Hi, I'm Richard Macias.

Software Developer, Teacher, Gamer, Musician, technology enthusiast.

Turning Ideas into Reality

Recently, I was asked how I turn ideas into reality. At PINCHme (my last role), we had a product/project team to take care of that for me, but when I’m on my own and I have a freelance gig to manage on my own, I do things a bit differently. I wrote quite a lengthy response, so I figured I’d share it with you.

Typically when I have a really good idea, I write it down, either on a sticky note, my notebook or evernote, just so I don’t forget my brilliant idea. Once i’m ready to turn my brilliant idea into reality, I usually draw it out, either with pen & paper, or on a whiteboard.

I usually start with a wireframe, a user story and draw out the data models. Once I think I have something that looks somewhat good, I’ll draw out some low fidelity prototypes and maybe use something like POP to draw out a site map. I find this to be the quickest way to bring my idea to life. It also helps me keep track of a bigger idea without missing important pitfalls.

Once the lo-fi is done, i’ll use something like Invision, Flinto or Sketch to start making a hi-fi prototype. I find this is most useful when discussing likes, dislikes, design and possible features. It’s better to tackle these things before you get started, otherwise you’ll end up with a lot of wasted time and money.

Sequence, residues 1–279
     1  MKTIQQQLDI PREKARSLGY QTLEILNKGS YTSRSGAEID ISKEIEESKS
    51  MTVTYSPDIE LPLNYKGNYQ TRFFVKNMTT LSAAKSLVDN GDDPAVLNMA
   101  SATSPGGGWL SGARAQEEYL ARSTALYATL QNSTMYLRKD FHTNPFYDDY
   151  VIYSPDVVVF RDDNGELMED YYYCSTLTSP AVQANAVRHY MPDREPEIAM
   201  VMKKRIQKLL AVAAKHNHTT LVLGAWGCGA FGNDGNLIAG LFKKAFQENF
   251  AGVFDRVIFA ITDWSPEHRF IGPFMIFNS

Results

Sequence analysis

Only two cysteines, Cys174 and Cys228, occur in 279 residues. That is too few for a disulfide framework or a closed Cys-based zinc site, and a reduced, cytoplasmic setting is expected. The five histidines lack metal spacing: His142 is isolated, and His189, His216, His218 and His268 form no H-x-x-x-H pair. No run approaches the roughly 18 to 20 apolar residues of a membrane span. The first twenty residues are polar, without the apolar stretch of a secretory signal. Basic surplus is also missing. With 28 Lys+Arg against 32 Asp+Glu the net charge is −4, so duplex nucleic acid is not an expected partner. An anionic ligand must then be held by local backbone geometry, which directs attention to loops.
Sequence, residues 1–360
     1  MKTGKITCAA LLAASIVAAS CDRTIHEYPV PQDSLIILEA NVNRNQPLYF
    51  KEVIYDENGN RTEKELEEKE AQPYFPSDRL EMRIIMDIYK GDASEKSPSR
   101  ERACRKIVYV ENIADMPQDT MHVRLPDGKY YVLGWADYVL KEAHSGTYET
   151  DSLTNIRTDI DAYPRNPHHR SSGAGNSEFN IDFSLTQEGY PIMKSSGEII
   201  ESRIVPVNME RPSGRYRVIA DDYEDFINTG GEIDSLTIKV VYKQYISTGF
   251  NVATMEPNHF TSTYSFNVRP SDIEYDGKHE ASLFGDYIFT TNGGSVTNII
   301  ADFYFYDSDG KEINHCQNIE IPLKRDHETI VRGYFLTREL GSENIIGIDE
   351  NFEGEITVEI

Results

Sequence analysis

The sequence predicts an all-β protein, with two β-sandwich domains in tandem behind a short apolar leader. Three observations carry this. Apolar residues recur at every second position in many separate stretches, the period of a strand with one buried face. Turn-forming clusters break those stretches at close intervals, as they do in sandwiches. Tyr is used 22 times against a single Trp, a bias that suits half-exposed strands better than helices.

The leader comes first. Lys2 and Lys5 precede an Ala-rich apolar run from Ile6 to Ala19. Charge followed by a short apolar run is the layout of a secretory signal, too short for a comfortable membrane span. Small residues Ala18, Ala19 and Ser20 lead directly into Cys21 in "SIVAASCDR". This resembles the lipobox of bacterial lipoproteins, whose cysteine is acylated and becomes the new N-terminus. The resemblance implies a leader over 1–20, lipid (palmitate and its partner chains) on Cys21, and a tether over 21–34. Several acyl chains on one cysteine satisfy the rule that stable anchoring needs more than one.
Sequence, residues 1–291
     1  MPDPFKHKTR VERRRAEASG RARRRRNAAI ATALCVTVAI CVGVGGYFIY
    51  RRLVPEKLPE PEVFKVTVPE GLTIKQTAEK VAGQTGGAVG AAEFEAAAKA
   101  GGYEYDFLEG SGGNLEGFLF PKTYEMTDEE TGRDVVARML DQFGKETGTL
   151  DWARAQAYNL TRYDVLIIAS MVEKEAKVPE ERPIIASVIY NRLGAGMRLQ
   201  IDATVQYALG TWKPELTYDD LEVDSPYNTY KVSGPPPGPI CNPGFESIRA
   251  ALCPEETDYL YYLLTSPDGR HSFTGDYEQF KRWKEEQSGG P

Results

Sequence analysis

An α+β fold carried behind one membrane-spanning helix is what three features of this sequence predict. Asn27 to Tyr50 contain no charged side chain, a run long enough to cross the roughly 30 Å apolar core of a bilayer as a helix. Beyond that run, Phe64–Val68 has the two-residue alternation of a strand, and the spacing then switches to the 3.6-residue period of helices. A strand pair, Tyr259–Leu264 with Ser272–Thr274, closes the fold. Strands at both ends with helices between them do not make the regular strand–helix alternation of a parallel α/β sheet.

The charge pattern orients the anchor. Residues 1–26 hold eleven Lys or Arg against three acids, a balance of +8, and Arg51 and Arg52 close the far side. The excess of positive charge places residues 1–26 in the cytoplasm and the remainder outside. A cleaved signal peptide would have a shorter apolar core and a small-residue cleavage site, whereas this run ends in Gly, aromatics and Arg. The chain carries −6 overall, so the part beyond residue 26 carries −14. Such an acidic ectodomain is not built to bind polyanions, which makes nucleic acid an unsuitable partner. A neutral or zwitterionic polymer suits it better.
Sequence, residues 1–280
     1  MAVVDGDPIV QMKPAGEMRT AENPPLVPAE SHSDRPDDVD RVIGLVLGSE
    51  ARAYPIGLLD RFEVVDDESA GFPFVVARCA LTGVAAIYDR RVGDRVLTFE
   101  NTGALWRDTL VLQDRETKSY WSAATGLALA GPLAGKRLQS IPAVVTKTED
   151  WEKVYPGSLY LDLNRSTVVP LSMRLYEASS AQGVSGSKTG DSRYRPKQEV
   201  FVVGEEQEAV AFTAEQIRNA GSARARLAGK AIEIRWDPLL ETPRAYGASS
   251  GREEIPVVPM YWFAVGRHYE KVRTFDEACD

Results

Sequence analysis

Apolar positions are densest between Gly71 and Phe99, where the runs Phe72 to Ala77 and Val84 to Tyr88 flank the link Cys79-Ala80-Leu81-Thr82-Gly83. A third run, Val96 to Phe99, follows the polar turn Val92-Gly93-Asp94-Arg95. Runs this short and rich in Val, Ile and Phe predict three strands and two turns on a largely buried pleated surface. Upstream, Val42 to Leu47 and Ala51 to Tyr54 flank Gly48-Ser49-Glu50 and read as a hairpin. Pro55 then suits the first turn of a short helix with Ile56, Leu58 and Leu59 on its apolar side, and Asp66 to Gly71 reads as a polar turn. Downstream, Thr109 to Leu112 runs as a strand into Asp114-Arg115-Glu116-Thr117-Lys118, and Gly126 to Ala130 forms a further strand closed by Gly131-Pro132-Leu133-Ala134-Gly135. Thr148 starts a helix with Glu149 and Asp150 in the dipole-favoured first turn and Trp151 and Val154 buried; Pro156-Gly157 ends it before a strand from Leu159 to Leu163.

It’s so much simpler to go in with a plan, so I’ll take this time to review my prototype, user stories, my data models and what an MVP might look like. I’ll open up something like Jira (for larger applications) or Trello (for smaller applications) and start writing out things I need to do. I’ll typically have 4 columns, “icebox”, “todo”, “in progress” and “done”. All my cards begin in the “todo” column. I’ll write out requirements, attach necessary files, documents and descriptions. So far so good!

With all that planning done, I can simply follow the cards and use my hi-fi mockup as an example of what my app should look like. This keeps me focused on a specific task and reduces blocks in development due to lack of planning.

This is usually a good time to set up Code Climate, Travis, Hound, Code Climate, Bugsnag, honeybadger, Heroku (for new apps or toys because it doesn’t require much to setup), AWS (for larger apps) and slack integrations. I like to use the thoughtbot production checklist, no point in reinventing the wheel, especially when some really smart guys made this wheel!

While i’d like to say this is a perfect science, sometimes, things just don’t go according to plan. Sometimes I make mistakes. (╯°□°)╯︵ ┻━┻

Usually a post-mortem takes place, followed by some high-level discussions about how to resolve the unnamed issue. lo-fi, hi-fi, make some cards. back on track!

I try to make something that is deliverable as quickly as possible (MVP) and if it’s satisfactory, deploy it. I’ll start building out features and rolling out updates as quickly as possible. Once the app is finished, I celebrate. Once I have finished celebrating, I maintain the app, think of more features, build those. Hopefully I planned for scale, if I didn’t I go over the planning process all over again, into infinity.